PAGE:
My Mother always said . . . Set your timer for 12, 15 or 20 minutes and Just Write!
Month: November 2013
Debbie Macomber had so many rejections . . .
I enjoy books that take me away, where I can escape into other worlds, like Cedar Cove, the fictional town Debbie Macomber created for her cast of characters. A Costco Connection article about Macomber invites readers into her real world. “When I first started out, the rejections came so fast they hit me in the back of the head.” November 2013, The Costco Connection. The article continues, “Macomber describes her desire to write as a ‘dream that pounded inside of me.’” She overcame dyslexia and taught herself the art of writing by dissecting Kathleen Woodiwiss’ The Wolf and the Dove. “Whatever was inside that story that made me want to go back and read them again and again, I wanted in my own story.” From Debbie Macomber’s website: “. . . I wanted to become a writer because I had stories to tell. And I was always interested in people—in…
You may have tangible wealth untold . . .
You may have tangible wealth untold; Caskets of jewels and coffers of gold. Richer than I you can never be — I had a Mother who read to me. from The Reading Mother by Stickland Gillilan (1869-1954)
Change is good and . . . — James Seamarsh
Change is good and flexibility in a world of change is even better. — James Seamarsh
Guest Blogger Rob Loughran writes an unforgettable essay.
The best view in Santa Rosa, it is said, is from Paradise Ridge Winery. The tasting room looks westward toward the semi-organized suburban sprawl where we live and thrive and call home. There is, however, another view from just a tiny bit down the mountain from the winery. On Round Barn Circle. A slightly different view. Sutter Oncology Clinic has the same view, just not as high on the mountain. And the people who get to see it truly appreciate the vista. Sutter Oncology Clinic is the place where people go to receive a drip, drip, drip that will hopefully cure their cancer. I have had the opportunity to savor the panoramic splendor of Santa Rosa, California from the glassed-in aerie of this clinic. It’s a beautiful view. It’s a beautiful city. We, from here, can see the city sprawled out before us. We can also see the clouds and…
Elizabeth Berg demystifies how to describe characters
I love it when writers describe characters in a way that I can really see them, beyond eye and hair color. The trick is how to describe a character that gets into the essential details of the person. Elizabeth Berg demystifies how to describe characters, using interesting details, in “Escaping into the Open,” The Art of Writing True, page 91: Whether you’re writing fiction or nonfiction, you can greatly help define a character by sharing not only what he says and does, but also how he looks. Again, details matter. don’t tell the reader that someone is old; show it by describing the dime-size age spots, the sag of the cheeks, the see-through hair, the spiderlike spread of veins at the back of the knees. Are nylons falling down? Are belts too big? Are there greasy thumbprints on the lenses of bifocals? Is the posture stopped or stubbornly erect? Is…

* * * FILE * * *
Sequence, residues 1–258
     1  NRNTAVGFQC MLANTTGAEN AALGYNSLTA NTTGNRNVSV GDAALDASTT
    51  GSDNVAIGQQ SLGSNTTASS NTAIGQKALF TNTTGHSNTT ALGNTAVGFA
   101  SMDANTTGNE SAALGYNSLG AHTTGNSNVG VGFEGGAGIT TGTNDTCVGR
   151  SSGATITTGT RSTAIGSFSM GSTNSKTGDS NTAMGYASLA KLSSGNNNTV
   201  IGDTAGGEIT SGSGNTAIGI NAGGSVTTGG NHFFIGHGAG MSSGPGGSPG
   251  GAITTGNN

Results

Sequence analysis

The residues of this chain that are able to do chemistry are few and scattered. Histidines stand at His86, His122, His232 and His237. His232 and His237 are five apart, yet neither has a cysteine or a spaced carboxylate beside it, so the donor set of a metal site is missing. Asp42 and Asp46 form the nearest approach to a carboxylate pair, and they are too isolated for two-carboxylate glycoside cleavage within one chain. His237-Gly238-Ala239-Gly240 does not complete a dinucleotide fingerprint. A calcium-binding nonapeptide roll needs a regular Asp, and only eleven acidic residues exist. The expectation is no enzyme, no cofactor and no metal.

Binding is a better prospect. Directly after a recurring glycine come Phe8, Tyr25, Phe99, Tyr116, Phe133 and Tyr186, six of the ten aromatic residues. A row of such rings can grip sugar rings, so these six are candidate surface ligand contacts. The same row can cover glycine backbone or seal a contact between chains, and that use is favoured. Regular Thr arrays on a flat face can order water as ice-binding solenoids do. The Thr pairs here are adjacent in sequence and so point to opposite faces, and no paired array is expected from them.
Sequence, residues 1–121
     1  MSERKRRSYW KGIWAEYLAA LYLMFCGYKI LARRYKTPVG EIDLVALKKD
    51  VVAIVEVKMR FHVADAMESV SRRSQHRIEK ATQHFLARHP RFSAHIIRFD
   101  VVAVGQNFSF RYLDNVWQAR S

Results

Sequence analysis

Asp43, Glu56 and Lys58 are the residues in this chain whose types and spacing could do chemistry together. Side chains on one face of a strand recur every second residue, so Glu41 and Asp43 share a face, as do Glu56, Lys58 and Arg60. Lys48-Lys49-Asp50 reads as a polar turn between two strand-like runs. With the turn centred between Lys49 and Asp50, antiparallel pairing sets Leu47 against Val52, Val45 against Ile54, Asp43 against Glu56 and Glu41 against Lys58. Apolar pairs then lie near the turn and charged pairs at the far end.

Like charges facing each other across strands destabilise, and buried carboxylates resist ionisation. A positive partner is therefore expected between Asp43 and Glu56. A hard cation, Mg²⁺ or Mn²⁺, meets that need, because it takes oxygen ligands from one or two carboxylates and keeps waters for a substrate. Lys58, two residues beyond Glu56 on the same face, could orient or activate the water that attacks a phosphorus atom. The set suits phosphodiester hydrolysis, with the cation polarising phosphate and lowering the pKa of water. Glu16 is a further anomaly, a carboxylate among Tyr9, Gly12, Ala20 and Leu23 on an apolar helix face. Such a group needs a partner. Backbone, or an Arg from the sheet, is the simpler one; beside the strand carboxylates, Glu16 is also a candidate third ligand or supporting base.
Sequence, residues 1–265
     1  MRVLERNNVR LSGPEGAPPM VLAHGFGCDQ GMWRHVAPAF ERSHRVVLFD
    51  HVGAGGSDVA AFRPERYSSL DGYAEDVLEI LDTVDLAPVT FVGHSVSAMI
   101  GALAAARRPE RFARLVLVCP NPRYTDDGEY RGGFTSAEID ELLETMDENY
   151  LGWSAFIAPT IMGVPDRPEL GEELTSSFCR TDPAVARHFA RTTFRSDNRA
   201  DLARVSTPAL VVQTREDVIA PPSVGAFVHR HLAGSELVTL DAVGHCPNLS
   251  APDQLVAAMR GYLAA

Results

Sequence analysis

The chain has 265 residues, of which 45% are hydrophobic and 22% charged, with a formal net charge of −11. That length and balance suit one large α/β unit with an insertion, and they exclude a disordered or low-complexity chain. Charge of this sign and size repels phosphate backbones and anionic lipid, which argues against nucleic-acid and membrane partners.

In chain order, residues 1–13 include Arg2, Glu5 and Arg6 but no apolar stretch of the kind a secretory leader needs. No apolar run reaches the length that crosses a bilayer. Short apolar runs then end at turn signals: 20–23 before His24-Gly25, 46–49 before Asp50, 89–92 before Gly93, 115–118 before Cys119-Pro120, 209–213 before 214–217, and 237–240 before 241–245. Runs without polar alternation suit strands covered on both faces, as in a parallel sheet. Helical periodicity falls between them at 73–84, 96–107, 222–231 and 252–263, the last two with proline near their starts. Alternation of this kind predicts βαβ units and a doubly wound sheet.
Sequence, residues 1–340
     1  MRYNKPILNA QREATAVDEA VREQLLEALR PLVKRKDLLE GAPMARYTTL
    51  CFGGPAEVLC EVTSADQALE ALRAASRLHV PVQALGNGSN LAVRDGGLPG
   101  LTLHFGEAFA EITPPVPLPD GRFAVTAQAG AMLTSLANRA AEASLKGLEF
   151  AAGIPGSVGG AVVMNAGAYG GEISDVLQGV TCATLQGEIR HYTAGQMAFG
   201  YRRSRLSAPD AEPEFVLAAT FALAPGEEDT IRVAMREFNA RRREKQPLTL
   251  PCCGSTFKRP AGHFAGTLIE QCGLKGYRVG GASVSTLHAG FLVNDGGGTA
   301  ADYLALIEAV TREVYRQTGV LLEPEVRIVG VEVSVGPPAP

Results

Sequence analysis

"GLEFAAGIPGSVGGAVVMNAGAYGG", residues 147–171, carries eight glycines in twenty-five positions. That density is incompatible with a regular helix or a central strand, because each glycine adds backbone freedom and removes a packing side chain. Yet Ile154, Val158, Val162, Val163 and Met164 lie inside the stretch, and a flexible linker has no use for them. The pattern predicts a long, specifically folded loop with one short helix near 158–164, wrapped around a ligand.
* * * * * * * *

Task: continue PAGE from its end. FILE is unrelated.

Rachael Herron – A Life in Stitches, Knitting My Way Through Love, Loss, and Laughter
Rachael Herron shares her personal experiences in A Life in Stitches, Knitting My Way Through Love, Loss, and Laughter. Herron’s stories are like warm bowls of comforting homemade soup, to be lingered over and savored. Her positive attitude is inspiring. Her engaging book, a series of personal essays traveling through her life, are to be shared. I bought two extra copies for my sister and a friend! A cozy read, my favorite kind of reading.
What happened here? #23
What can you do with this photo prompt? Write whatever comes up for you.
Guest Blogger Suzanne Murray explains How Nature Can Enhance Your Creativity
When I received the inspiration for the name of my business Creativity Goes Wild, I was on a modern day vision quest with Bill Plotkin in an extraordinary canyon in southern Utah that allowed me to really open to the flow of new ideas. Along with the name, I also got that the essence of the work included three different elements: Nature, creativity and the soul which are aspects we can connect to that can really help us live full and authentic lives. I have long thought of nature as the original artist. If you spend any time in nature and pay close attention, you become aware of the beauty and design and patterns in both small things like the symmetry in pine cones and snowflakes or on a grander scale the patterns in the erosion of mountains or the movement of clouds across the sky. At first glance nature…
“Writing is easy.” Mark Twain
“Writing is easy. All you have to do is cross out the wrong words.” Mark Twain